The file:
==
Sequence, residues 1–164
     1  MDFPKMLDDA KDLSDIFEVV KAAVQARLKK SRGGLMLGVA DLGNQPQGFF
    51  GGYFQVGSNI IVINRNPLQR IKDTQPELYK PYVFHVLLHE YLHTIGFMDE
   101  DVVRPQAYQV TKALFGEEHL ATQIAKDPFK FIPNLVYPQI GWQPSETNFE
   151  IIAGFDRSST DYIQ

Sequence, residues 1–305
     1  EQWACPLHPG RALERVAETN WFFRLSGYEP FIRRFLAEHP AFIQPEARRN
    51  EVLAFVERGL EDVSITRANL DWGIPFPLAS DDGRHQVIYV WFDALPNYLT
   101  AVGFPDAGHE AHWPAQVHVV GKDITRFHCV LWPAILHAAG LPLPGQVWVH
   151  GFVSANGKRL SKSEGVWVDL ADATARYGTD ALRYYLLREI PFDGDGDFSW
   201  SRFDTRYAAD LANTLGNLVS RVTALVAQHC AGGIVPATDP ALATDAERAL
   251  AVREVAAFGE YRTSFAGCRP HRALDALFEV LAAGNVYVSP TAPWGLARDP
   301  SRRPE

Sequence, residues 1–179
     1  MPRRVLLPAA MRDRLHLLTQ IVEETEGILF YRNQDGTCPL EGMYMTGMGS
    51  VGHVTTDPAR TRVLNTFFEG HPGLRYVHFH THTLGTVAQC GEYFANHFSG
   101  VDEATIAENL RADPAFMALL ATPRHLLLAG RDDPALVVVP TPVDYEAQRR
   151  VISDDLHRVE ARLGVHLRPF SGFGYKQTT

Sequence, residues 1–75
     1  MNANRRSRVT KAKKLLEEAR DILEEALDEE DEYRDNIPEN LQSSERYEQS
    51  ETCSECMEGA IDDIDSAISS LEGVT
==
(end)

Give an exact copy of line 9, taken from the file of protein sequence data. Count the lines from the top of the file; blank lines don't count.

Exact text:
   101  AVGFPDAGHE AHWPAQVHVV GKDITRFHCV LWPAILHAAG LPLPGQVWVH